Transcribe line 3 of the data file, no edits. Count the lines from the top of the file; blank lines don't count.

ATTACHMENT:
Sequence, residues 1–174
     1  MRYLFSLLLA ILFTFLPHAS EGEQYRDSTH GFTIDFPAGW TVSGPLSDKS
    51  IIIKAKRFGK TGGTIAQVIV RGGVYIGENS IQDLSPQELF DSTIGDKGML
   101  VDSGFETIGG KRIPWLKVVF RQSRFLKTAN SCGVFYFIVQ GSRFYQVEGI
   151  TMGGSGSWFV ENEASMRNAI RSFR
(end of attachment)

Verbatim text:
    51  IIIKAKRFGK TGGTIAQVIV RGGVYIGENS IQDLSPQELF DSTIGDKGML